There are a number of streets whose names have changed over the course of their history. Here are some of them:
• Cork used to be St. James. (The tradition is that so many Irish paper mill workers lived there that it was nicknamed after County Cork in Ireland. In some directories it is listed both ways. Eventually St. James fell out of use altogether.)
• Main Street east of the river used to be East Avenue.
• Michigan Avenue used to be Main Street.
• Oakland Drive used to be Asylum Avenue.
• Riverview used to be Seminary.
• South Street east of the jog at Henrietta, was Cherry.
• Vine used to be Rice.
• Westnedge was West Street north of Lovell, and College south of it.
Older maps can be consulted to locate others as needed.
Other Helpful Information
In front of the alphabetical section (most years) there is a list of abbreviations used. The mostly commonly asked about ones are “bds,” which means “boards at,” and “lab,” which means “laborer.”
As children reached the age of 18, they were considered boarders in their parents’ home, so if you watch the addresses carefully as the children come of age, you can put families together.
If a woman disappears from the alphabetical section, look under her old address in the next directory. Sometimes she will appear at an old address under a new married name, or she takes back her maiden name.
When doing a house or building search, pay careful attention to the odd and even sides of the street. You may follow the wrong building if you don’t.
In the early days, office buildings were known as “blocks,” so, for instance, the building on the Mall that is now known as the McNair Building was originally called the McNair Block.
If there are no clues as to the date of the subject of a search (that is, no information can be found in either the History Room files or the local newspaper and magazine index), start by searching once a decade. If no information is found that way, continue with a half-decade search. Proceed to search remaining directories as needed.
For a house/building search, it is best to work backwards from the present because it is less likely that the wrong building will be followed when the address changes.
Other Useful Directories
Although telephone directories do not include the same sorts of information that city directories do, they can sometimes be used to supplement city directories, especially when a city directory has not been issued for several years (they were particularly irregular during the Depression and World War II). Useful information about businesses can be gleaned from display ads in the Yellow Pages. The oldest Kalamazoo telephone directory in our collection is 1913, although our run does not become reliably complete until 1949. The call number for telephone books is H 917.7417 M624.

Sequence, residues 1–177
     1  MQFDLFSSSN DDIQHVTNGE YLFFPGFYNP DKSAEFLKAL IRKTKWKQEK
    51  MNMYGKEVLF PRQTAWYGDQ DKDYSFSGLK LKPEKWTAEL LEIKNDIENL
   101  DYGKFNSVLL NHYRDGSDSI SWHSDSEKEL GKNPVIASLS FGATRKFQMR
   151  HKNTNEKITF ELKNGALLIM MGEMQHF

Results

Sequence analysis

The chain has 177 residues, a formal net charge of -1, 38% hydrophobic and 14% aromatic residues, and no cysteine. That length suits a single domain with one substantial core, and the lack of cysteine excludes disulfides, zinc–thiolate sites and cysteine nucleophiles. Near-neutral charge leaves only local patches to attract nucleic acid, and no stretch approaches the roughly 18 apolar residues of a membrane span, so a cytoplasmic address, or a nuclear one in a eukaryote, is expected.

Other Michigan Cities
We also have some directories for other cities in Michigan: Battle Creek, Bay City, Coldwater, Ishpeming, Marquette, Muskegon, Negaunee, and Saginaw. Check the catalog for our holdings on these. Coldwater is only available on microfilm. The others are in paper editions.
Criss-cross directories do not list people in alphabetical order, but only in street-number and telephone number order. Their particular virtue is that they cover territory outside the limits of Kalamazoo city and county. The oldest in our run is 1954. In the 1970’s, they began to be published by the Bresser Company and are often referred to simply as “Bresser’s.” The key thing to remember about searching these is that there are often streets of the same name in several different communities. Also, the same straight stretch of road may change names several times as it passes through various incorporated places. Miller Road, for instance, becomes ML Avenue outside the city of Kalamazoo. So be sure that you are looking at what you are looking for! The call number for the criss-cross directories is H 917.7417 K143.
Gazetteers and Business Directories
There is also a variety of Michigan state gazetteers and business directories under several titles. The oldest of these, 1856, doesn’t even give addresses, but is sometimes useful for confirming that a business existed at that early date. While that one in particular doesn’t list heads of households, the way the later city directories do, it does list ministers, newspaper editors and public officials. The easiest way to find the state directories is by subject heading: Michigan Directories; Business Directories; Michigan Manufactures Directories; and Industries Michigan Directories.
Kalamazoo Directories Online
- Gordon Remington
- The Source, Third Edition, pages 325–352
- Provo, UT: Ancestry, 2006
- H 929.1 S998 2006